On Monday, we shared with you that Tom Zawistowski of the We The People Convention announced that he had another pair of candidates that he is pushing tea party groups to help him get on the ballot. They need to collect at least 1000 signatures by February 5th for Donald Allen and Kelly Kohls.
We agree with most of the positions of the tea party movement, and think that these voters are an important part of the Republican base. But where we disagree is when the demands of purity create such division within the base.
I agree with Tom on most positions, but he is leading the state’s movement to be more anti-Kasich than the Democrats. And in his desparation, he is leading the movement in a direction that is causing it to become distasteful and irrelevant to the Ohio voters we need. He is pushing candidates that would be a disaster for the Republican party to field.
Tom criticizes me for “digging” up information on his candidates. Does he think that the media won’t do their job and properly vet any candidate running for the state’s highest office? Indeed, Joe Vardon of the Columbus Dispatch reported the same Brenda Mack story that we did on the same day. Does he think that the Democrats wouldn’t use that kind of information?
I’m pretty sure Tom is smart enough to know that they would. But a little blogger like me is easier for him to take his anger out on, I suppose.
Take a look at the kind of media disaster Tom wants to lead the tea party and the Republican Party into, all for the sake of his crusade against Governor Kasich. The following is from Donald Allen’s own blog. No “digging” was necessary here. These are words that Allen posted for all to see.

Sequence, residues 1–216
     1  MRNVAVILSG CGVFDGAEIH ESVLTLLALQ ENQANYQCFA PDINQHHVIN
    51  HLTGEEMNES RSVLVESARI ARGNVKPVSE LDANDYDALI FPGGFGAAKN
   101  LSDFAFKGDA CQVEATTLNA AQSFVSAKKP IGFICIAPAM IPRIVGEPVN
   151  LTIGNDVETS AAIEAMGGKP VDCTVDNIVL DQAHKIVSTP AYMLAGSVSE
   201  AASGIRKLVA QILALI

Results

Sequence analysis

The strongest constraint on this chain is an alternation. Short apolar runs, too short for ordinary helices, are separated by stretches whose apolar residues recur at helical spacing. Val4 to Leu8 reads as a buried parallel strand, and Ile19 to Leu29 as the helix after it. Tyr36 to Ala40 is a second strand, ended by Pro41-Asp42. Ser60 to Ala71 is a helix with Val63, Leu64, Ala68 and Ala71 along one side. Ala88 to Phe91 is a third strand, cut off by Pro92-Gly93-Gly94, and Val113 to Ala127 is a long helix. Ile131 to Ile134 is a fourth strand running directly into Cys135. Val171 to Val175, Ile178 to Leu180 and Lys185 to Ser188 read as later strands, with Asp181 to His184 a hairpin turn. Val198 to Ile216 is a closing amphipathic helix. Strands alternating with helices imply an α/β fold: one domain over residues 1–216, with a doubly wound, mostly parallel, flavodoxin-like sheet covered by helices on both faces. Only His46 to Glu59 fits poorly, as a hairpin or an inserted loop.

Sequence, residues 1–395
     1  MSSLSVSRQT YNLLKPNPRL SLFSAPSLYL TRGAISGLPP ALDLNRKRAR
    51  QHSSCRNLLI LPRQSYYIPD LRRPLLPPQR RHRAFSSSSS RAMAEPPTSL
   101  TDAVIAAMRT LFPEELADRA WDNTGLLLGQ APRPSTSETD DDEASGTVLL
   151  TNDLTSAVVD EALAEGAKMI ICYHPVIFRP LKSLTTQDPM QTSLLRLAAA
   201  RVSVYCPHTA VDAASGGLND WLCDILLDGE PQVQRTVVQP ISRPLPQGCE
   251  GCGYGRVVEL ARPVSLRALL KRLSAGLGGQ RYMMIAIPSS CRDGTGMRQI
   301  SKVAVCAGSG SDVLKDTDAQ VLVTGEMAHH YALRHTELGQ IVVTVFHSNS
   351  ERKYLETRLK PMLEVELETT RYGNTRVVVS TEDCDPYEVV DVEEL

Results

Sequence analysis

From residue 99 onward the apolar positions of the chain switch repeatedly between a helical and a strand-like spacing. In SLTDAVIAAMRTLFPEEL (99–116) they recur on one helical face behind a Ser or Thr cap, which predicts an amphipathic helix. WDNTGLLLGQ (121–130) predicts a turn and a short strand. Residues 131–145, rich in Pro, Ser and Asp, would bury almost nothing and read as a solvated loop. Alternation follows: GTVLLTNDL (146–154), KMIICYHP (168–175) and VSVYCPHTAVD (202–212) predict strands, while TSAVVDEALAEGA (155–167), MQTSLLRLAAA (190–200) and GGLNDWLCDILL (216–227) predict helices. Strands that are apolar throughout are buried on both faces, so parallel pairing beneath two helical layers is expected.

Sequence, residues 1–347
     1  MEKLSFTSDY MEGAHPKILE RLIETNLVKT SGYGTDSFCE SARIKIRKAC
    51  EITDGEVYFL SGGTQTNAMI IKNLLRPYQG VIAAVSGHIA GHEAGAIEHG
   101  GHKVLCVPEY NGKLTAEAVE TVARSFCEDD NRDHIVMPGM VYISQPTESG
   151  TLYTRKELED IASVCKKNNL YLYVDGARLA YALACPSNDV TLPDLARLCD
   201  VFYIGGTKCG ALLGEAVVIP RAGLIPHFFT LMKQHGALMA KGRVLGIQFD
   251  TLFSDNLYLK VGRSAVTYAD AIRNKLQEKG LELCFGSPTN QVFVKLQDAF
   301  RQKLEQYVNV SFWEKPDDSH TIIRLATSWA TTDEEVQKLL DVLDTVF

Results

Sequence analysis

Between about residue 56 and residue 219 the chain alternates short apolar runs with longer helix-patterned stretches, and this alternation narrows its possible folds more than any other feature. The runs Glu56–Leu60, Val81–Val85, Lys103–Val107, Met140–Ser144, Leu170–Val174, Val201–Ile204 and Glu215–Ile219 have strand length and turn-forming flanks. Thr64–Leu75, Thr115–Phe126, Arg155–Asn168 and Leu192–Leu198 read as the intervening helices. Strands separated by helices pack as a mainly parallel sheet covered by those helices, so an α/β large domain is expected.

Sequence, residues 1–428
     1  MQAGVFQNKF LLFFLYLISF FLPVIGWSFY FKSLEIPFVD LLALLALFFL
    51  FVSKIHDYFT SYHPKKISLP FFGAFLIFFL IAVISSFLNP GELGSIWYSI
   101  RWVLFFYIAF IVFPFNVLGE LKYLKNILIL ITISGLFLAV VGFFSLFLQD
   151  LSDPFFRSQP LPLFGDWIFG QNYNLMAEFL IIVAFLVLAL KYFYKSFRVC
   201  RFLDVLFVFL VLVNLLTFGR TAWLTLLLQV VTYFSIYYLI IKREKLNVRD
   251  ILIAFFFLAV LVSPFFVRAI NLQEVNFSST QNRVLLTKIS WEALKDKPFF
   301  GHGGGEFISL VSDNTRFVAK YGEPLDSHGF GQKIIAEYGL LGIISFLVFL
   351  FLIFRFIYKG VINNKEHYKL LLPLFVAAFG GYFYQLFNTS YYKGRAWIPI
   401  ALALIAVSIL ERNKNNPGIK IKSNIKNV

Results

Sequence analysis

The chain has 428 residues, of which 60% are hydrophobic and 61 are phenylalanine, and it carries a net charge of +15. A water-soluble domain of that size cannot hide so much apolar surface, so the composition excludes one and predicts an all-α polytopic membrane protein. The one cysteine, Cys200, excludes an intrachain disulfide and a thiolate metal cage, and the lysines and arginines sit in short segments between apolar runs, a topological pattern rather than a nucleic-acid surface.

It wasn’t until some time after Obama was inaugurated in January 2009 that I noticed an obvious increase in the number of African-Americans in advertising. It appeared that in any television ad that had more than one person in it, there was always an African-American there, too. Same with print advertising. There has been at least a three-fold increase in the number of African-Americans in ads. My question is, was this spontaneous or directed? Thirteen percent would be appropriate.
Advertisers have been including diversity in their ads for decades. It’s smart business. It’s not a phenomena that just started. Other posts in his blog call for a second American Civil War.
The Democrats are always trying to call Republicans, and the tea party, as a whole group, racist. If we nominated somebody who publicly posted these words, they would play them in commercial ads over and over again, and the race would be finished.
Tom and others love to point out that the Republican Party doesn’t know what it is doing, and that they would do a much better job. It’s true that the party has its faults and its failures. But is this an example of how to improve the party? Frantically promoting a person he never heard of two weeks ago? Pushing his members to spend their time working hard for a candidate who would be labeled a racist and destroyed immediately?
I’m sure that Dr. Allen is a fine veterinarian and I admire and appreciate his service in the Air Force, but with these types of sentiments on his blog, he’s just not a viable candidate.
I’m hoping that Ohio’s tea party voters reflect on where their top leadership is taking them. I’m hoping that the tea party and the Republican party can find a way to work together better. There’s a lot more we have in common than we disagree on. President Reagan preferred a “big tent” that didn’t exclude people over small disagreements. This craziness of trying to destroy your own party’s incumbent governor over a couple of policy differences needs to stop.